Lupe Fiasco vs. Kendrick Lamar: Why “Stealing” Is Not A Crime For Artists (Video)

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Hi. We recently created AFH TV, Ambrosia For Heads’ streaming video service, because we believe real Hip-Hop deserves its own dedicated TV home, but we need your help to make it great. Please subscribe to AFH TV. It is only $1.99/month or $12/year, and already features some amazing content, but the best is yet to come. Thank you for all of your support.

Lupe Fiasco took umbrage with Marvel’s upcoming Black Panther soundtrack on social media last week, arguing the cover artwork for the film’s Kendrick Lamar and SZA-led soundtrack single, “All the Stars,” bears a remarkable resemblance to the artwork for his forthcoming album Drogas Wave.

Visual grievances aside, Lupe’s and Kendrick’s names have since remained in Hip-Hop headlines as Fiasco reignited the debate over lyrical supremacy between the two MCs. Lamar is “not a top-tier lyricist,” said Lupe in a Tweet that has since been deleted. In the immediate wake, Fiasco began addressing Top Dawg Entertainment directly, and plenty of heated discussion ensued across Twitter and elsewhere. Now, plagiarism in Rap music has resurfaced as a topic of debate in a way similar to the recent debates over ghostwriting.

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In this week’s TBD, Justin “The Company Man” Hunte tackles the story and its implications. Citing Lu’s extended accusations of Kendrick’s plagiarism against him (which include copying the all-black cover album idea for untitled unmastered from 2012’s Food & Liquor II: The Great American Rap Album Pt. 1; applying the backwards-forwards track listing approach from 2015’s Tetsuo & Youth to DAMN.; and more), Hunte says the similarities between Lupe Fiasco and Kendrick Lamar have helped fan the flames of a “Lupe vs. Kendrick” debate for years. “We’re talking about two of the most important artists in Hip-Hop history, two arguable G.O.A.T. contenders who both cut through the muck by crafting timeless bodies of work without dumbing down to their eras,” he says.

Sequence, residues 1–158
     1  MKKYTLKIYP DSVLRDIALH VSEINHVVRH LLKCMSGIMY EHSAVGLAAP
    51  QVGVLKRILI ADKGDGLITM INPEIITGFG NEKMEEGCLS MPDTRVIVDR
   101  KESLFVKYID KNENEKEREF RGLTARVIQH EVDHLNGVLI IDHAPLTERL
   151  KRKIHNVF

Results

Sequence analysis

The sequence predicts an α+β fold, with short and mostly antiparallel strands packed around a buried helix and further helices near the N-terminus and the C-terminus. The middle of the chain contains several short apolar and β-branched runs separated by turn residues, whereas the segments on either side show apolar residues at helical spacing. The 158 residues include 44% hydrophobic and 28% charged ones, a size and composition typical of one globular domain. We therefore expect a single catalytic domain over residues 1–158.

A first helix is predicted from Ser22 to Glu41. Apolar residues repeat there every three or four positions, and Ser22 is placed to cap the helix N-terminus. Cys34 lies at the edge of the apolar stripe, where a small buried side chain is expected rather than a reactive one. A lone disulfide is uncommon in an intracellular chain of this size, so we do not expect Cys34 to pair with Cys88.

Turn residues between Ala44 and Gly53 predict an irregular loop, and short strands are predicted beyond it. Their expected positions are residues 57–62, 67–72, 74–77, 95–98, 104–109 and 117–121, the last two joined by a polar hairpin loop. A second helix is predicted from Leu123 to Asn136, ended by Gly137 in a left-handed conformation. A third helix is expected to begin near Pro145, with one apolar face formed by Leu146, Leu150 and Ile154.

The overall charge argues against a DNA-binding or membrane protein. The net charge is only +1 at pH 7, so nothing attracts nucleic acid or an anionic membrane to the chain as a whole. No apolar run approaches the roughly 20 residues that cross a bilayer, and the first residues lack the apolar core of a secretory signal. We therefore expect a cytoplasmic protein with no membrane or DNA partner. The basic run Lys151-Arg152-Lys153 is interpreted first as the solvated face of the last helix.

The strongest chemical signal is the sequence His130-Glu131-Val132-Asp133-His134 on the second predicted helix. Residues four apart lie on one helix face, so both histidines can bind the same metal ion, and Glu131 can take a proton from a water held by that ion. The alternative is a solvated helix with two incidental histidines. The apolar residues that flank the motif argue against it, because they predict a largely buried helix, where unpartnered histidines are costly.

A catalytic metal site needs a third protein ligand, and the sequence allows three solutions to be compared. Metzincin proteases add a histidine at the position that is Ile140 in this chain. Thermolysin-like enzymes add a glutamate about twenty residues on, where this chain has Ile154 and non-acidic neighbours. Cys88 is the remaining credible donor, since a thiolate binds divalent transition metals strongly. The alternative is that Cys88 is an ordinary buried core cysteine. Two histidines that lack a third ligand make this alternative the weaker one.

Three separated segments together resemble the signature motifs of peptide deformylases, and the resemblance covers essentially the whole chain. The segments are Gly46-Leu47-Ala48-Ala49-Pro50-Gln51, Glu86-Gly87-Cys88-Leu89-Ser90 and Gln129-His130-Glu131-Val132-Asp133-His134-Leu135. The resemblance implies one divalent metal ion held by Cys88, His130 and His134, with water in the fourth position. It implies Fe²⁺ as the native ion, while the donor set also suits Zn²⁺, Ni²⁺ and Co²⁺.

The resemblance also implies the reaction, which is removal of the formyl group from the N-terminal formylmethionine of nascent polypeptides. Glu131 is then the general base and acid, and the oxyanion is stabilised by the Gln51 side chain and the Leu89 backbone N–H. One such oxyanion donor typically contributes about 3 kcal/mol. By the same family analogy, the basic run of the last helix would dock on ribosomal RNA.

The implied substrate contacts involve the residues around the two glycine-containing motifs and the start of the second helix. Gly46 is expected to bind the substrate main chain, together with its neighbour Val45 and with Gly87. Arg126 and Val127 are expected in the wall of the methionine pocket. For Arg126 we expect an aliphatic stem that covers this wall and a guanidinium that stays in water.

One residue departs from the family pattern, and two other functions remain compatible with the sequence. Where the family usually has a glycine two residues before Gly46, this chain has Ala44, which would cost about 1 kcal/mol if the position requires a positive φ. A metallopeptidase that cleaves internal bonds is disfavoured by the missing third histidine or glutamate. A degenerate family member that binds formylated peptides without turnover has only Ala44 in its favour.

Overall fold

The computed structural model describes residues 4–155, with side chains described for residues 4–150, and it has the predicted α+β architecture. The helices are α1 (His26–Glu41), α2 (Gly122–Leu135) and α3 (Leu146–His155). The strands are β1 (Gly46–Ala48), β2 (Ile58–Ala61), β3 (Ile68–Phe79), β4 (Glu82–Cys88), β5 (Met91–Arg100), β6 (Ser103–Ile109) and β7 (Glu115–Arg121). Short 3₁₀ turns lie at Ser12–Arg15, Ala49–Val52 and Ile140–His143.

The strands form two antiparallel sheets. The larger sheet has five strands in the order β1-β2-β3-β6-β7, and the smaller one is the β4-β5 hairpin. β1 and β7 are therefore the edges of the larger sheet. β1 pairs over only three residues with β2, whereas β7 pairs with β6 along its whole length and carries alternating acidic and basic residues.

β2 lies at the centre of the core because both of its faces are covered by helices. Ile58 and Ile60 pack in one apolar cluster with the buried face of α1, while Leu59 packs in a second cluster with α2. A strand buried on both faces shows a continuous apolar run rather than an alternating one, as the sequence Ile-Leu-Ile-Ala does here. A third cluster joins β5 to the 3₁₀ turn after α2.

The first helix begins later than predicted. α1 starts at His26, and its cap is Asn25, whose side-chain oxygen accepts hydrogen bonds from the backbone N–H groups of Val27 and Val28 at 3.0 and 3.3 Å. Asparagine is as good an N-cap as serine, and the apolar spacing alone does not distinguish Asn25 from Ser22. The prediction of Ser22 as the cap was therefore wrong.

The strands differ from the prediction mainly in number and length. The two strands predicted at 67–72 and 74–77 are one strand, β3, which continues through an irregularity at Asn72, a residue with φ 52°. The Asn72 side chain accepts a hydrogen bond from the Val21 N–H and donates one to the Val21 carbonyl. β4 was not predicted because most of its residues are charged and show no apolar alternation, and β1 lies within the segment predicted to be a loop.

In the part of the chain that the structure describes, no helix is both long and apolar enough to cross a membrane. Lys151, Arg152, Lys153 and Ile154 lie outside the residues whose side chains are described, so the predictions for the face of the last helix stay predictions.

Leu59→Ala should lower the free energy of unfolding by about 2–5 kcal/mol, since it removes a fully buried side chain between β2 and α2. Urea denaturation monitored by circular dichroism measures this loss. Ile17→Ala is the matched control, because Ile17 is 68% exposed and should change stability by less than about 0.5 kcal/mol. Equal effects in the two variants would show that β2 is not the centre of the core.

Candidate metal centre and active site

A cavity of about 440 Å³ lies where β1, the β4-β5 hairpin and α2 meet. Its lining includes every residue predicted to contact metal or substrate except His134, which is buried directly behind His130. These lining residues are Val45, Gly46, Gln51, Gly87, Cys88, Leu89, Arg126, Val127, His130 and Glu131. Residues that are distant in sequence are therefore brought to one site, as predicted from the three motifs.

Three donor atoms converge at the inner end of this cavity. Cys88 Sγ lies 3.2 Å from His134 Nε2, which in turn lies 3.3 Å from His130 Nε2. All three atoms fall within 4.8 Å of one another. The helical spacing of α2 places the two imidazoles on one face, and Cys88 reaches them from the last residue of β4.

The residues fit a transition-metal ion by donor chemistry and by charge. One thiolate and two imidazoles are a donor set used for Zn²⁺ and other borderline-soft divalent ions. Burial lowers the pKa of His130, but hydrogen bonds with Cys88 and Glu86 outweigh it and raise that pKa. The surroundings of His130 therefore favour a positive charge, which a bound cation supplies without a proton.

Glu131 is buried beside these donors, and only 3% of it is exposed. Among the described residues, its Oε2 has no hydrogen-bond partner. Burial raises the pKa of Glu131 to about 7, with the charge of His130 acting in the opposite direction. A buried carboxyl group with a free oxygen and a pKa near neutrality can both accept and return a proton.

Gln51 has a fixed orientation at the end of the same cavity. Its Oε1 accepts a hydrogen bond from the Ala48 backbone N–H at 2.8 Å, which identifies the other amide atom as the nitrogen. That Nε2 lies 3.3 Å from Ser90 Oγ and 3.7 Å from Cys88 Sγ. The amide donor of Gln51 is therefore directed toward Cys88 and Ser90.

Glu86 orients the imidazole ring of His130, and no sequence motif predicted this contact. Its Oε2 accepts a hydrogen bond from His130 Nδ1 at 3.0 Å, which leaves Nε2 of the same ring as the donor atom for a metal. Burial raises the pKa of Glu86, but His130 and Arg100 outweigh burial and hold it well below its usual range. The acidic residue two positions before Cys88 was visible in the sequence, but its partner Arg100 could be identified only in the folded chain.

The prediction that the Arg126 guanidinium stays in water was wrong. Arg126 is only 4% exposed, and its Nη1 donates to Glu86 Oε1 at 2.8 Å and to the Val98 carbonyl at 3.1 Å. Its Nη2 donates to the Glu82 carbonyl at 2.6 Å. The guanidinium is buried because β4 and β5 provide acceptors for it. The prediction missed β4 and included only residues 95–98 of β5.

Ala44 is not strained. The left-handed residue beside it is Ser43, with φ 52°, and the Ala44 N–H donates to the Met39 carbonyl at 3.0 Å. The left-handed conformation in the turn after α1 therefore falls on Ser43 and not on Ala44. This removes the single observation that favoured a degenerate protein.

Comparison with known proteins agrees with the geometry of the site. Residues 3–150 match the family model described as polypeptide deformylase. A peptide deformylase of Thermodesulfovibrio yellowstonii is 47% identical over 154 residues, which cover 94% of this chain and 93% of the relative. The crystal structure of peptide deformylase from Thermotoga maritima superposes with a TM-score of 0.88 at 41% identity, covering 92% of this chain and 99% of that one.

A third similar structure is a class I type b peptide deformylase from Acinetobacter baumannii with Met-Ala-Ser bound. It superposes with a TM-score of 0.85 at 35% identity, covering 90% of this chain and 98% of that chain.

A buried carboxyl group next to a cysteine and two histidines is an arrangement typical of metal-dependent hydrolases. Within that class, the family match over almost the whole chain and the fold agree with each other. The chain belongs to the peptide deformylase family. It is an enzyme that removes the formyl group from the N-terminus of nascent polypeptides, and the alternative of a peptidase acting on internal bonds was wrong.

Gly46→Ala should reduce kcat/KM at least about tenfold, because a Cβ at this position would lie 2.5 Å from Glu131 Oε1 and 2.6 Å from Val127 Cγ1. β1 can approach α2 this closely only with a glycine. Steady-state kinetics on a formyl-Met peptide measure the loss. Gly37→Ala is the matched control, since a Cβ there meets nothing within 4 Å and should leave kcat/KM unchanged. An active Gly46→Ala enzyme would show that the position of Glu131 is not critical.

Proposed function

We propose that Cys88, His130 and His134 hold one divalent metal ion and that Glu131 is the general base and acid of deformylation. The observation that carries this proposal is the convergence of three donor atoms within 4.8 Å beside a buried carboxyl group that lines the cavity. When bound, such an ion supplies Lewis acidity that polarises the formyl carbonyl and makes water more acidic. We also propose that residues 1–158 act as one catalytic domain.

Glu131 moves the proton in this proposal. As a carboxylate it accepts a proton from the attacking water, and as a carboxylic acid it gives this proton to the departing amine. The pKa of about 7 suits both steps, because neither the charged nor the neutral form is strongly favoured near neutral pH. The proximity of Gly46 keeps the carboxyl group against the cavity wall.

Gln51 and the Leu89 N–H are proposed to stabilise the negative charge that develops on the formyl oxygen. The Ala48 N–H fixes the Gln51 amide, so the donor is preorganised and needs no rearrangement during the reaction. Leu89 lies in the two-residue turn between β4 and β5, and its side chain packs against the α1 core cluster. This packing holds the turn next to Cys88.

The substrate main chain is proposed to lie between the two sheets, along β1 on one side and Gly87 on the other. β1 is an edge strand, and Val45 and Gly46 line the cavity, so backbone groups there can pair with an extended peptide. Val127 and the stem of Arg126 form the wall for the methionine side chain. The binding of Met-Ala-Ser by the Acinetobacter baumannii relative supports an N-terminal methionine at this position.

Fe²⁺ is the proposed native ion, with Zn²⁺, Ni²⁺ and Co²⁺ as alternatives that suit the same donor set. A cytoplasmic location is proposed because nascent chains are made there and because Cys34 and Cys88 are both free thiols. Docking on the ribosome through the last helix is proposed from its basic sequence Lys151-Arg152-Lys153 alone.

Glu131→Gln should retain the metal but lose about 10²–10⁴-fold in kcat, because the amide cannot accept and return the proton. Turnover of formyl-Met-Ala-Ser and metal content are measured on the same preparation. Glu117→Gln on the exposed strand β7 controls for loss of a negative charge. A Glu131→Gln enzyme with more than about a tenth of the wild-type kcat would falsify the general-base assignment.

Lupe’s ability to cut through the muck in the mid- to late-2000s was nothing short of a miracle. When Crooked I, Joell Ortiz, Papoose and Saigon were all shelved, Lupe Fiasco managed to not only achieve chart-topping success but did so without compromising his lyrical approach. “The spectacle-wearing kid from The Chi cuffing Kanye production and JAY-Z co-signs talkin’ about all the world’s ills from a third-person perspective” was at the top of his game and in a place very similar to Kendrick when good kid, m.A.A.d city dropped in 2012. Lupe is also considered a pioneer, and was pushing things like skateboarding, streetwear and Japanese culture into mainstream Rap years before rappers like Lil Wayne and, of course, Kendrick Lamar.

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But at what point do similarities become the result of stealing? “I don’t have an example of any truly great artist that hasn’t influenced a generation. Lupe absolutely has, and Kendrick is doing that right now,” says Hunte. “But I also don’t have any example of a truly great artist who hasn’t been accused of biting.” Beyoncé, Jigga and even Shakespeare have all been suspected of plagiarism to varying degrees and the persistence of these accusations throughout time suggests there’s more to it than one artist simply stealing from another – it’s a characteristic of the creative process, in general.

That’s the perspective in Steal Like an Artist: 10 Things Nobody Told You About Being Creative, a book by Austin Kleon which says so-called “original thinkers and creators are simply people who effectively learn to remix other people’s material,” Hunte says citing Kleon. “Originality isn’t about doing something that’s never been done in a strict sense, but it’s about the unique way in which an individual gives expression to his or her artistic influences.”

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Should simply inspiring greatness be considered something noble?